She sits at the oak desk with eyeliner and gin, with lipstick and eyeshadow. The silk stocking she’s not yet donned sits next to the plate of lime wedges she had the foresight to slice after reading the letter and before unstoppering the bottle. She sits at the oak desk and ignores all that’s on… Continue reading Friend of the Bottle
I named the spider Billy. I was supposed to kill him—sacrifice is the term in the experimental protocol—after the experiment was complete, but I didn’t want to. I didn’t even finish the experiment. Why bother? Whatever electromagnetic event wiped out comms with the transport ship took out my exterior cams too, so I’ve been flying blind… Continue reading Four Thousand Kilometers Above Jupiter
Teddy the tortoise had been roaming the ward longer than anybody else. Not even Audrey the elderly orderly knew who named him—or why he wandered the garden paths at night. Ann never admitted, not even years later, that she was behind it, but someone—let’s just say it was Ann—started sticking candles on Teddy’s back on… Continue reading Teddy the Tortoise
It wasn’t seeing the fern that had Liz worried. She knew the fern well. She knew every plant, every fallen log, every crossing of the creek that wound through the birch forest near the old farmhouse she shared with her grandmother. Had been watching it grow for years. But she wondered why she was looking… Continue reading The Underside of the Fern
The mailboxes were Cliff’s brainwave. He called ‘em antioxidants because he read in some newsletter that clutter was a cancer that killed co-living spaces deader than doornails, so after downing his morning kombucha he zipped down to the free store and scooped up four used ones. Used mailboxes purchased for zero dollars are liable to… Continue reading Special Delivery
Thoughts after one journey and before another “Tell me,” she said, “why gringo women wear such ugly shoes.” She said it in Spanish, her tongue forming the precise syllables that I envied and still failed to produce after years of practice. Her name was Viviana, and she was my Spanish teacher. We were practicing my conversation… Continue reading A Steamy Day and a Missed Connection In Honduras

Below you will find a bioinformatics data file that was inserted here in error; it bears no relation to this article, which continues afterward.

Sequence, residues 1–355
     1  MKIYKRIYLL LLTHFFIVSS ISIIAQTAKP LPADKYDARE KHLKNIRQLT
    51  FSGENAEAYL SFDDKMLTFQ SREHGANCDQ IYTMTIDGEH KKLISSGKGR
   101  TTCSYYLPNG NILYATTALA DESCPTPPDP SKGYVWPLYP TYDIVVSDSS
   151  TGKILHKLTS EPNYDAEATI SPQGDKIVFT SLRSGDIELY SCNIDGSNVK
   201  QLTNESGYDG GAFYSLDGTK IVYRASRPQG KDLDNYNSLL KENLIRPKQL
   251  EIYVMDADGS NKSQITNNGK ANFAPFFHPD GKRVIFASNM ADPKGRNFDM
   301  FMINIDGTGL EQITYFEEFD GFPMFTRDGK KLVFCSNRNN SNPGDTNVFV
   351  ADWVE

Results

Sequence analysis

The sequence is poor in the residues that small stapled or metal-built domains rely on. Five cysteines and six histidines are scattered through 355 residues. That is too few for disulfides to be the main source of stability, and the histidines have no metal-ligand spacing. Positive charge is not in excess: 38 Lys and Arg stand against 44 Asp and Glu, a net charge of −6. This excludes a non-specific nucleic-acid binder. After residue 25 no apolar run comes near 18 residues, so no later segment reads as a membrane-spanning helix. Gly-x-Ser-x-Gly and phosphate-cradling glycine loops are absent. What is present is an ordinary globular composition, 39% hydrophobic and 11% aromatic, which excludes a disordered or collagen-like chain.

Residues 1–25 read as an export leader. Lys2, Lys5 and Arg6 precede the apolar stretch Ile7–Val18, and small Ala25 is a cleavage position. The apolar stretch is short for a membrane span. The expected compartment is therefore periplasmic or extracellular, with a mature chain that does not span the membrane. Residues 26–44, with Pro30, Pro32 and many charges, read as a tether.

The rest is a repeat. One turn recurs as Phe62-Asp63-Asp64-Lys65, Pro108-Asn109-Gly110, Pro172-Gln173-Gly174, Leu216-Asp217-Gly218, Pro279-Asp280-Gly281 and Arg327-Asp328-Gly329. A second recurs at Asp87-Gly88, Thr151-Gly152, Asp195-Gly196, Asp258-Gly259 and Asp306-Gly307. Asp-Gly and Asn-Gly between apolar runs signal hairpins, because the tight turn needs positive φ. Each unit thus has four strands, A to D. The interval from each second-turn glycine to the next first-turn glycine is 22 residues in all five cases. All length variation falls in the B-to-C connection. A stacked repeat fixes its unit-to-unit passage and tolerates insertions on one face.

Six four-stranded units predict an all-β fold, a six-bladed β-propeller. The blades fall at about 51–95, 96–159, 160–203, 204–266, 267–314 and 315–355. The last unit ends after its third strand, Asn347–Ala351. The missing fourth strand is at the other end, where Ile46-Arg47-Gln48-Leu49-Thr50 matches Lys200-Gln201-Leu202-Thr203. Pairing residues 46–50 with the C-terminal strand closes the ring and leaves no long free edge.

Wanderlust is invading my dreams. The pandemic shelved six weeks on the Camino de Santiago, but the other night my mind decided to depart without me… The inn is far enough off the Camino de Santiago to be lightly visited, even at the height of the pilgrimage season, but that is to my advantage, for… Continue reading Why Is There a Denny’s on the Camino de Santiago?
In traveling, as in life, there are some things you simply don’t tell your parents. Going beyond what happens at the hostel stays at the hostel, some things you just keep to yourself. Including things that would keep your mom up at night and lead to a blizzard of reminders about safety and links to… Continue reading Who Reads Warning Signs Crossing the Nile?
Also: pay no attention to where you are going Three of us lurched down the narrow path carved into the dense forest. Weaving our way from one side of the path to the other, we paid no attention to the various squawks and rustlings produced by the creatures surrounding us. Having consumed an intemperate number of… Continue reading How to Almost Run into Massive Hippos (Hint: Be Drunk)
Names change colors when you are dusty around the eyes. Watch a gerenuk at sunset while listening to a Walkman. These two odd sentences are mnemonics I constructed to remind myself of chains of thought that occurred to me while learning to do anthropological fieldwork in East Africa. Searching the forests of the Semliki Valley… Continue reading Dusty Around the Eyes